Energy & Environment: Obama Requires Emissions Cut In Federal Agencies

• "The federal government will require each agency to measure its greenhouse-gas emissions for the first time and set targets to reduce them by 2020, under an executive order signed by President Obama Monday," the Washington Post reports. "The measure affects such things as the electricity federal buildings consume and the carbon output of federal workers' commutes.... Each agency must report its 2020 emission targets to the Council on Environmental Quality within 90 days."

• "Apple announced Monday it would leave the U.S. Chamber of Commerce because of the group's stance against climate change as the nation's premier business lobby continued to hemorrhage members," The Hill reports. "Apple is the fourth company to leave the Chamber over global warming. A fifth, Nike, withdrew from the Chamber's board but remains a member of the group."

• "The economic crisis has made it easier to halt the growth in greenhouse gases released by power plants, factories and cars, the International Energy Agency said in a report that revised its forecasts from November," Bloomberg reports. "Yearly emissions from energy use may peak at 30.9 billion tons 'just before' 2020, the Paris-based agency said today in a report presented to United Nations climate negotiators in Bangkok. That's 4.9 percent less than the IEA's previous estimate of a 32.5 billion-ton peak in 2020. Both scenarios assume nations will adopt climate-protection measures."

Technology: FTC Rules Bloggers Must Disclose Payments

• "Bloggers who offer endorsements must disclose any payments they have received from the subjects of their reviews or face penalties of up to $11,000 per violation, the Federal Trade Commission said Monday," the Washington Post reports. "The agency, charged with protecting consumer interests, had not updated its policy on endorsements in nearly three decades, well before the Internet became a force in shaping consumer tastes. The new rules attempt to make more transparent corporate payments to bloggers, research firms and celebrities that help promote a product."

• "A group of U.S. House of Representatives Republicans urged the Federal Communications Commission to conduct a market analysis before proposing a new rule to maintain an open Internet," Reuters reports. "In a letter Monday to FCC Chairman Julius Genachowski, 20 Republicans asked the FCC if the agency will be examining networks, services, consumer electronics equipment, applications, as well as cable, wireline, wireless, satellite and broadband to determine if a rule to govern Net neutrality is necessary."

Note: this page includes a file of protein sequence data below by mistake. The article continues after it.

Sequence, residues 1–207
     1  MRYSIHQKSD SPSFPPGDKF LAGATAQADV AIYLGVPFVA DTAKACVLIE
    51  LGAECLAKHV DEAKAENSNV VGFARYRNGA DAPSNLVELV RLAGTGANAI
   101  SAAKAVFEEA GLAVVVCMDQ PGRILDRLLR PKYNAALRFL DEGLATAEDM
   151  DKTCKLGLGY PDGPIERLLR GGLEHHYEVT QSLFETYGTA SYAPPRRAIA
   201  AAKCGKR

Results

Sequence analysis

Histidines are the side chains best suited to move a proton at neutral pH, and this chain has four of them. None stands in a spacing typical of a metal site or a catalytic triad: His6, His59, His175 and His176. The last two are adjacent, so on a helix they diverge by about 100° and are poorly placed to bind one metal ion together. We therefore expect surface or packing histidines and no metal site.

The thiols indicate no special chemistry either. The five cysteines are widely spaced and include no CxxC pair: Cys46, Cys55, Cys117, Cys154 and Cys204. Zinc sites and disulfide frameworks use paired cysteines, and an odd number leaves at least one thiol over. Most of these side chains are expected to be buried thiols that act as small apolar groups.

Lobbying: Kirk Defends White House Ban Of Lobbyists On Advisory Boards

• U.S. Trade Representative Ron Kirk on "Monday defended a new White House policy that would trim federally registered lobbyists from the ranks of agency advisory boards and commissions, a move that has drawn a rebuke from the trade community," CongressDaily AM (subscription) reports. "The Obama administration policy, first announced Sept. 23 by Norm Eisen, special counsel for ethics and government reform, on the White House blog, is part of the administration's efforts to clamp down on lobbyists' influence in Washington."

• SEIU "is coming under fire from conservatives because of its long-standing financial and leadership ties to ACORN, a liberal organizing group recently embarrassed by videos filmed covertly," the Washington Post reports. "Some Republicans say federal agencies that recently cut ties with ACORN -- the Association of Community Organizations for Reform Now -- should also consider severing their relationship with the Service Employees International Union. The SEIU and ACORN have long worked closely together, with the union paying the association more than $3.6 million in the past three years and sharing some office locations and leaders with the group."

• "A mining company owned by Goldman Sachs and two private equity funds is in line to get a $3 million earmark for work at a rare earth elements mine in Mountain Pass, Calif. -- raising questions as to why Congress would take on some of the risk for a bailed-out investment giant that's already making a profit," Politico reports. "Rep. Jerry Lewis (R-Calif.) inserted the earmark for the mine into the House Defense appropriations bill, and backers say it's a legitimate national security concern. The military needs rare earth elements, and China -- which is rich in them -- has threatened to cut off exports. But some government watchdogs question whether taxpayers should be asked to prop up a project that is already funded by wealthy investors who expect to make a profit."